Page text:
Field Trip: Fellows tour illegal prescription drug hot spots in Los Angeles

Published on
May 30, 2009

What happens when 20 health journalists walk in to a convenience store in downtown Los Angeles and ask about buying tetracycline without a prescription?

One storeowner showed the participants in the California Broadcast Fellowship a box of pills called Ampitrexyl, which she offers to customers as a substitute for antibiotics. Customers self-diagnose and come into the store for medications, she says. If she stocks them, she sells them, but will not advise customers on what to take. Her store, and many others according to members of the Health Authority Law Enforcement (HALT) Task Force, have begun selling substitutes for medications which are packaged like familiar prescription drugs but sellers say actually contain nonprescription medications.

Most stores and sellers that serve the Hispanic community in Los Angeles do not maintain such above-the-board facilities, says Hancz. HALT members say that MacArthur Park, for example, is a hot spot for the sale of prescription drugs; they have seen drugs sold at swap meets and out of baby carriages, visibly on street corners next to people who sell fruit and snacks. They recently busted a pet store that was selling the drugs in unsanitary conditions, alongside live animals, including rabbits and birds.

At the Alameda Swap Meet, an industrial enclave southeast of downtown Los Angeles, booths display legal products -- herbal medicines and Mexican imports, t-shirts, electronics and plastic toys. But HALT members say they have confiscated illegal prescription drugs from several sellers here. In at least 20 busts in the last ten years at Alameda Swap Meet -- the last one was in Dec., 2008 -- the list of available products is long: antibiotics, birth control, medication for high blood pressure, cortico steriods and cortico steriod injections, unapproved medications for arthritis, and controlled substances including sleeping pills.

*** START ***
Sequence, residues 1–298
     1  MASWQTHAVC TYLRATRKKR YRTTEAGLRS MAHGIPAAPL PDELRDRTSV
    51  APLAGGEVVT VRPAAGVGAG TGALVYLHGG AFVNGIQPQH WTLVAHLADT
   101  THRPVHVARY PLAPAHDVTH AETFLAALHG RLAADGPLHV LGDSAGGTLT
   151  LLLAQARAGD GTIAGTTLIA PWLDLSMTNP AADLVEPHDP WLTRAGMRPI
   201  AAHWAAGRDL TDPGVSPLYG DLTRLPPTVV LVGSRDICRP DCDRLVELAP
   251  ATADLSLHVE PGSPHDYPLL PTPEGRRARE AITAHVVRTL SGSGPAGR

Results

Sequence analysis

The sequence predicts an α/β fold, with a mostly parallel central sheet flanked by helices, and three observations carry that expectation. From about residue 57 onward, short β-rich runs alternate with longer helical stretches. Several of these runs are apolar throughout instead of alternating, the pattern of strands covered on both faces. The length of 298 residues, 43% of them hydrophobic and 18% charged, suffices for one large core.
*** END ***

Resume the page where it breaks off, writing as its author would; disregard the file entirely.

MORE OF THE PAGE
Fellows had discussions about the underlying stories, beyond law enforcement solutions, that could be a part of reports on illegal pescription drug sales. In immigrant communities, buying drugs from unlicensed sellers is not as shocking as it might be in mainstream America. Countries around the world, particularly those without functioning formal health care systems, have long traditions of community pharmacies and faith healers. In a situation where immigrant communities do not have access or are afraid to access health care, it's not surprising that they turn to black market networks they are comfortable with.

One fellow asked, if law enforcement is aware of the scale of the problem, why isn't more being done to solve it? It's a problem of politics and resources, says HALT member Sgt. Steve Opferman of the Los Angeles Country Sherrif's Department. The task force itself has nine members and is the only unit in Los Angeles County tasked with dealing with complaints about illegal prescription drug sales and unlicensed doctors. HALT members say that it is the only unit of its kind in the state. "There just aren't enough investigators to go around," Sgt. Opferman.